Individual annual accounts for the Schools are sometimes available on their websites.

What research do the Schools and Institutes undertake and is it important?

The British Schools each have their own research specialities. Rome (classical, medieval and some prehistoric) and Athens (classical and prehistoric), Egypt (Ancient Egypt). Athens has made significant contributions to the archaeology of Greece and the application of scientific techniques of analysis in the Fitch Laboratory. Rome specialises in Classical Archaeology and Fine Arts - it has a series of studios for painters, etc. Ankara specialises in archaeology. There has often been a perception that the research of the Schools is parochial, without any real direction and not making a contribution to the wider field.

Other Schools / Institutes of Archaeology Abroad

Britain is not the only country to have Schools of Archaeology abroad. Germany, France, Italy and the United States of America do, and even Finland has an Institute in Athens. These other schools do not seem to be under threat. They are sometimes also significantly better funded.

In Rome, there is a Spanish School of History and Archaeology, a Danish Institute, a German Archaeological Institute, a Belgian Academy, and an American Academy. In Athens there is a similar range of international academies. They are all usually European/American though.

Conflict over the Value of the British Schools and Societies

Does the work of the British Schools of Archaeology abroad represent value for money ? If not, do we get them to pull their socks up, or do we close them down and distribute the moneys elsewhere?

The competing parties in this debate put forward the following arguments in their favour

The British Schools believe that:
they can represent excellent value for money and that they are fine ambassadors for Britain abroad. With improvements they can be fit for the next 100 years. They would also argue that they do more research than their money would allow others to do. Value-Added-Research: good will from universities - unpaid Secretaries, editors of journals, etc.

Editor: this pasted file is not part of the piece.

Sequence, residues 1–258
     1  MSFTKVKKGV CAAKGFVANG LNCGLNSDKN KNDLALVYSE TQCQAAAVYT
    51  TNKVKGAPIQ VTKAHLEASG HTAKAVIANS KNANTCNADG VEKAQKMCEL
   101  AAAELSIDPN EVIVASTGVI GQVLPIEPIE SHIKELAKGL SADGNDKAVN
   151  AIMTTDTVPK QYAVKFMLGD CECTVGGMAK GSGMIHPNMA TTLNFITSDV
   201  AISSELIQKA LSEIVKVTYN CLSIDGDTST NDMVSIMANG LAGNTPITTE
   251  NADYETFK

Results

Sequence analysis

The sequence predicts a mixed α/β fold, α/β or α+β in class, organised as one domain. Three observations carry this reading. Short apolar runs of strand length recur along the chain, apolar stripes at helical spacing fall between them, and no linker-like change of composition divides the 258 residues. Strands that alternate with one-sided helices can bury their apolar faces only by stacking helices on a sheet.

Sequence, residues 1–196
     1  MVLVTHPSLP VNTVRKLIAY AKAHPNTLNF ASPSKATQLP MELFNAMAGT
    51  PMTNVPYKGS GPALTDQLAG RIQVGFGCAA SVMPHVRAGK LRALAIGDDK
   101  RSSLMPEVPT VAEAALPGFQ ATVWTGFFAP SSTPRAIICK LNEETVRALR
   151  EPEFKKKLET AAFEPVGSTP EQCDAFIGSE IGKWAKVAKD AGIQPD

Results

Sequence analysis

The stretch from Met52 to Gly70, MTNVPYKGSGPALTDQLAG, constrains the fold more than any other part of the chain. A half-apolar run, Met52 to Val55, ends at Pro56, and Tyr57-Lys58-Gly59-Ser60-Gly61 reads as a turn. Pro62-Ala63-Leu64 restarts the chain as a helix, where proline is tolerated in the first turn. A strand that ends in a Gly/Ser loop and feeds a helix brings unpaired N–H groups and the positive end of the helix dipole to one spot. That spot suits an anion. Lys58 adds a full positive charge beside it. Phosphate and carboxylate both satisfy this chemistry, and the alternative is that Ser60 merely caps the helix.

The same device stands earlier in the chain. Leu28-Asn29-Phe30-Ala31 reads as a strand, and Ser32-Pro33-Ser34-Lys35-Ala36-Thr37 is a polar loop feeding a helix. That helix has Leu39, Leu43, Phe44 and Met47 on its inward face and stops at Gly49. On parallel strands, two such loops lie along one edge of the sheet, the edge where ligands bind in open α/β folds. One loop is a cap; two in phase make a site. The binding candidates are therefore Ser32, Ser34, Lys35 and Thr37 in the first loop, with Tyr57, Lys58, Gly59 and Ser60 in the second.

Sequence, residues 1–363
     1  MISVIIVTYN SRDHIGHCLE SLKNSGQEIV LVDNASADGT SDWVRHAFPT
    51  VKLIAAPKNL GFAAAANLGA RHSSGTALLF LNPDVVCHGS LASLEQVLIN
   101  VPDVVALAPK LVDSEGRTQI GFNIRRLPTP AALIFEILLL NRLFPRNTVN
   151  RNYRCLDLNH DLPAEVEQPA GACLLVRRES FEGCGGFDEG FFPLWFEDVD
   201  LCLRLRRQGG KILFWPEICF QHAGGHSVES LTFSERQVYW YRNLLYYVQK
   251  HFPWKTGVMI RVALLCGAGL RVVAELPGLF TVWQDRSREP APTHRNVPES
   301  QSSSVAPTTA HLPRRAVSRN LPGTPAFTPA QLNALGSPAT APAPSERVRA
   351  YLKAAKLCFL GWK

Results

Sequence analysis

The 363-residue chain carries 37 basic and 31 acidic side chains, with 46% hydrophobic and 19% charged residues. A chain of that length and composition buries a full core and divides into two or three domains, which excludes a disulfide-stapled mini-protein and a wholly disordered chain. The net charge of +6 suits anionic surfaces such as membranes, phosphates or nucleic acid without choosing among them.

Opponents (other people in the humanities) believe that:
the British Schools of Archaeology are a Colonial relic from the days when Britain had more money than it does now, and when the historical/ archaeological skills of other countries were poorly developed. The money spent on the British Schools cannot now be justified: it could be better spent elsewhere, in other parts of the humanities research programme.

In a Broader Context: funding is hard to get hold of for everyone, so why should archaeology have such earmarked funds? It no longer has such funds for scientific archaeology, and must compete against the rest.

The General Context: Higher education is expanding and all aspects are under pressure to deliver a better service (student numbers, research quality and teaching quality) for the money which is spent on it. They are also under pressure to bring in outside funding. Money is in short supply and what is there is much sought after. The Humanities and the Arts cannot easily bring in external funding as is the case many of the Sciences because there is no direct commercial benefit to humanities research. Government grants are the main source of funding.

The British Academy Review of the Schools and Institutes (1995)

The British Academy reviews its spending options every 10 years. In 1995 it was the turn of the British Schools and Societies of Archaeology to be reviewed. The review committee was headed by Sir David Wilson (ex-head of the British Museum). The British Academy gave David Wilson the brief to review the good and bad points of each of the Schools and Societies in turn. He made significant recommendations for individual schools and for the whole group in general.

General Recommendations

The Current Funding Context

The humanities in Britain are now funded through a new funding council (the Arts and Humanities Research Board - AHRB) which has more money to give away than the old sums allotted to the British Academy. The arguments about the privileges of the Schools have largely now abated, but there is still a lot of bad feeling in general about the 'extra' funding that seems to be going to archaeology.

The British Academy still administers its grants to the British Schools. Monies are now separated into core and research funds (per school), with opportunities for the individual schools to compete against each other for a share of research funds common to the Schools.

What other questions might have been asked in this review?

What about centralised project funding?

Do we need to keep the facilities that we have at present, or should we start from a clean sheet?

Information on Specific British Schools

In production